|Publication number||US7136273 B2|
|Application number||US 11/163,198|
|Publication date||Nov 14, 2006|
|Filing date||Oct 10, 2005|
|Priority date||Mar 30, 2005|
|Also published as||US20060221543|
|Publication number||11163198, 163198, US 7136273 B2, US 7136273B2, US-B2-7136273, US7136273 B2, US7136273B2|
|Inventors||Robert A. Stevenson, Richard L. Brendel, Christine A. Frysz, Haytham Hussein, Matthew A. Dobbs|
|Original Assignee||Greatbatch-Sierra, Inc.|
|Export Citation||BiBTeX, EndNote, RefMan|
|Patent Citations (9), Referenced by (64), Classifications (13), Legal Events (6)|
|External Links: USPTO, USPTO Assignment, Espacenet|
This invention relates generally to feedthrough capacitor terminal pin assemblies and related methods of construction, particularly of the type used in active implantable medical devices (AIMD), such as cardiac pacemakers, implantable hearing devices, implantable cardioverter defibrillators, neurostimulators, drug pumps and the like. Electromagnetic interference (EMI) feedthrough filter capacitors are typically used in such applications to decouple and shield undesirable electromagnetic interference (EMI) signals from the device. More specifically, this invention relates to processes and apparatuses for installing feedthrough capacitors to terminal pin assemblies utilizing conductive, resiliently flexible contact springs. This invention is particularly designed for use in cardiac pacemakers and cardioverter defibrillators. This invention is also applicable to a wide range of other EMI filter applications, such as military or space electronic modules, wherever it is desirable to preclude entry of EMI into a shielded housing. The simplified electrical contact method as described herein is applicable both to hermetically sealed housings and non-hermetically sealed housings and bulkheads.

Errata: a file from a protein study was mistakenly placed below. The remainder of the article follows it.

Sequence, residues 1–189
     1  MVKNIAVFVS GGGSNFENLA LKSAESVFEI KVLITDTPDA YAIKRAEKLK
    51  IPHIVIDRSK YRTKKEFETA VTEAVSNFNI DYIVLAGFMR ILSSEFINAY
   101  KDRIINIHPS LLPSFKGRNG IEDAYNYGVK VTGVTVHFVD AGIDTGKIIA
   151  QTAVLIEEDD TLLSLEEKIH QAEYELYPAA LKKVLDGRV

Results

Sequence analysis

Feedthrough terminal pin assemblies are generally well known in the art for connecting electrical signals through the housing or case of an electronic instrument. For example, in active implantable medical devices, such as cardiac pacemakers, defibrillators or the like, the terminal pin assembly comprises one or more conductive terminal pins supported by an insulator structure for feedthrough passage from the exterior to the interior of the medical device. Many different insulator structures and related mounting methods are known in the art for use in medical devices wherein the insulator structure provides a hermetic seal to prevent entry of body fluids into the housing of the medical device. See, for example, U.S. Pat. No. 5,333,095, the contents of which are incorporated herein. The feedthrough terminal pins are typically connected to one or more lead wires which can undesirably act as an antenna and thus tend to collect stray EMI signals for transmission into the interior of the medical device. In the prior art devices, the hermetic terminal pin subassembly has been combined in various ways with a ceramic feedthrough filter capacitor to decouple interference signals to the housing of the medical device.